Like the Black Widow, the Scorpion or the Woosle-Nosed Centipede, bunkers have a habit of stinging golfers at will.
There are many types of bunkers from traditional, modern, pot, rivetted and even retro. They all have differing degrees of difficulty and different functions. Some are penal, some are placed as indicators to spell out the line from the tee. Others dictate how a dog-leg bends, and some are decorative and give the player the thrill of watching the ball sail over them. In my designs I have used most of the above styles. However, I am very conscious that the style, theme and positioning of the bunker has fitness of purpose.
The most interesting bunkers are strategic and they dictate the play of the hole, often mapping out alternative choices and in many cases laying out options for a conservative or heroic shot. In other situations, the positioning of a greenside bunker may offer the skilled player an advantage if he or she has the ability to shape the shot to the green.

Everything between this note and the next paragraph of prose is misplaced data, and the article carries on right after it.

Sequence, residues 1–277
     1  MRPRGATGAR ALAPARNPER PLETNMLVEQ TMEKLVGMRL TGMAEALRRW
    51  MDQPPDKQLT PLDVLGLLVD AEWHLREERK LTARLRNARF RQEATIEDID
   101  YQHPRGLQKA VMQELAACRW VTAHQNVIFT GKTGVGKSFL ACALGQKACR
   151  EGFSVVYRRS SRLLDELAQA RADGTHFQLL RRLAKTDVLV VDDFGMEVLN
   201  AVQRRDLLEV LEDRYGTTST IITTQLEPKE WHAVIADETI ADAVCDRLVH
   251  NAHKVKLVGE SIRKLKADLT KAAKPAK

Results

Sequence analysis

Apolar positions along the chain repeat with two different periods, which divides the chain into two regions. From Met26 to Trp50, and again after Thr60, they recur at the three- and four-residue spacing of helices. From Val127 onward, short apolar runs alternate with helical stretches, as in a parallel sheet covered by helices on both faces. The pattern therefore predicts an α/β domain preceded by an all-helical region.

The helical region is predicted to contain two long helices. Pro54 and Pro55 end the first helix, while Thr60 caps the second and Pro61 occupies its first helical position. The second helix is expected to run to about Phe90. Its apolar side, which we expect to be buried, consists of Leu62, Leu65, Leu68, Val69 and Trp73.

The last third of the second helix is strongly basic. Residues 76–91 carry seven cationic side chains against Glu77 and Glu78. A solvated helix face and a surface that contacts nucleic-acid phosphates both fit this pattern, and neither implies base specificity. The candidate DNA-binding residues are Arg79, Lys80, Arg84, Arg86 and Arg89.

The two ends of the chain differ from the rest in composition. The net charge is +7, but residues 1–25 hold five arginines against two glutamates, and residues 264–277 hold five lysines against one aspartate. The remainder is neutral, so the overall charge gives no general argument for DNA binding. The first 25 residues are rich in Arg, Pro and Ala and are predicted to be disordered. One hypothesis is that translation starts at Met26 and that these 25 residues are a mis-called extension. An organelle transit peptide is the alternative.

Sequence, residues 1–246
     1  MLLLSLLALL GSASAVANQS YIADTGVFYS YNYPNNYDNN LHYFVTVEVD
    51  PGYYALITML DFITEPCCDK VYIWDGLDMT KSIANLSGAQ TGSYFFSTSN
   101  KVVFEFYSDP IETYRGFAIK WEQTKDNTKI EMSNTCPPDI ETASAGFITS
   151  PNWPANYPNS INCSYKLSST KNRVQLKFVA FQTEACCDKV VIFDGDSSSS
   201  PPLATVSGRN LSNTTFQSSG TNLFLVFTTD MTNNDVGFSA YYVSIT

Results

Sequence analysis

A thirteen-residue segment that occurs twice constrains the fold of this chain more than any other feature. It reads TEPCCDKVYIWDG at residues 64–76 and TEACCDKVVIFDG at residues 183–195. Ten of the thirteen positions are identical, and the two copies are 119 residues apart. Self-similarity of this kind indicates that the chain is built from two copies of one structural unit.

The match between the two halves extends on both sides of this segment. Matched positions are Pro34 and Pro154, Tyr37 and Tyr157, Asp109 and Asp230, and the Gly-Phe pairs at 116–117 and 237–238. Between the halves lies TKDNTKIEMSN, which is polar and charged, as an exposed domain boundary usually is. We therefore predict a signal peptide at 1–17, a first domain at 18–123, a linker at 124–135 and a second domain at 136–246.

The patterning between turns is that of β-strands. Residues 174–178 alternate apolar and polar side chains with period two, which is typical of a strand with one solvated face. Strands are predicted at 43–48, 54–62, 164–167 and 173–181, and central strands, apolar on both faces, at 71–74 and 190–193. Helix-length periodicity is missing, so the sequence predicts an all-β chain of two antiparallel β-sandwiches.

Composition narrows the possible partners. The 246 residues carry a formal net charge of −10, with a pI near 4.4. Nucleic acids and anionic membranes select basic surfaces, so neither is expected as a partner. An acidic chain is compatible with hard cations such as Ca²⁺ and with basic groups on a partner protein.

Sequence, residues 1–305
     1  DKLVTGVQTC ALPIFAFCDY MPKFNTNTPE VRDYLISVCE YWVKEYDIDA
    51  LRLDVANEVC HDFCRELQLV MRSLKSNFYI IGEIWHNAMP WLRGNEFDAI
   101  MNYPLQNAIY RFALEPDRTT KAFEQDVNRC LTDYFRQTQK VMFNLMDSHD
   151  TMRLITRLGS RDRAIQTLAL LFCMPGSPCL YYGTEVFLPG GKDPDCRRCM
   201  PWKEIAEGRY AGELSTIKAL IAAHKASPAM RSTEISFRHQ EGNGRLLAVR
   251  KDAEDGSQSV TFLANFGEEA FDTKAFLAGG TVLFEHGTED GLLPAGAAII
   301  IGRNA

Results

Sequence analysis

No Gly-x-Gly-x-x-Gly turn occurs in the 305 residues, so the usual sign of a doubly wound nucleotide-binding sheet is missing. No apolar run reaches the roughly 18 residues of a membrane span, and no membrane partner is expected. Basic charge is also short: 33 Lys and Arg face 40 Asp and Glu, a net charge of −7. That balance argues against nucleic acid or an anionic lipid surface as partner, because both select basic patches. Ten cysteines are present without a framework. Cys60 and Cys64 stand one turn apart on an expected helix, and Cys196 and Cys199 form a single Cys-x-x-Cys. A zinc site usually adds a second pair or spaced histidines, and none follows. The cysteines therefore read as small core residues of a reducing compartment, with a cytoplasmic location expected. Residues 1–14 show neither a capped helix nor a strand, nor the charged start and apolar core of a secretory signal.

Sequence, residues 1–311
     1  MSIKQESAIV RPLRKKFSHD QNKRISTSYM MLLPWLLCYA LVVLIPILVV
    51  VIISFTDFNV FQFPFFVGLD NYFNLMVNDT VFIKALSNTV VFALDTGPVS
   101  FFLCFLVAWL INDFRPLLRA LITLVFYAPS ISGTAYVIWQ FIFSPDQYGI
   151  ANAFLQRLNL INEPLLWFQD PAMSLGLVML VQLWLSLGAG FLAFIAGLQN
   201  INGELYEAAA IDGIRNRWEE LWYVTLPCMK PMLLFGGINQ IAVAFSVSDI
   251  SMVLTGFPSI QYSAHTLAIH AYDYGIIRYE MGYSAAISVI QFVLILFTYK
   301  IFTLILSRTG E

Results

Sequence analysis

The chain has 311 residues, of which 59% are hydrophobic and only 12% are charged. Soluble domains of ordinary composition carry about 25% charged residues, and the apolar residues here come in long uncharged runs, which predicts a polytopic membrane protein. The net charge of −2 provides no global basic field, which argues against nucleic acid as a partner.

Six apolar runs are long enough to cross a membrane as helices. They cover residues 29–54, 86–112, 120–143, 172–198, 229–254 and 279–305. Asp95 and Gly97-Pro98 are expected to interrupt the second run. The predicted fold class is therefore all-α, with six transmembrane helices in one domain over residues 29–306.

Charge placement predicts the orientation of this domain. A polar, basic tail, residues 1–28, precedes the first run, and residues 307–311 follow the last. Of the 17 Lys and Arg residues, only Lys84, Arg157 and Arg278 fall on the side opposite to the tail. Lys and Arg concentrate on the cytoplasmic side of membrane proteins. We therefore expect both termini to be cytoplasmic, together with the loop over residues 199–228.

Have you noticed in modern golf that bunkers no longer have names? Gone are those days. Thank goodness for the old courses like St Andrews, where you can get buried in "the Coffins", plug in the "Principal's Nose," or go to "Hell," as Jack Nicklaus did in 1995 Open when he took four to escape. Then there is the "Road".....So easy to enter, so difficult to leave.
Perhaps worst of all was when Tommy Nakajima made the fatal mistake of going in the infamous "Road" bunker during the 1978 Open. His fate was a quintriple bogey 9. Asked afterwards if he lost concentration, the hapless Japanese replied "No, I lost count."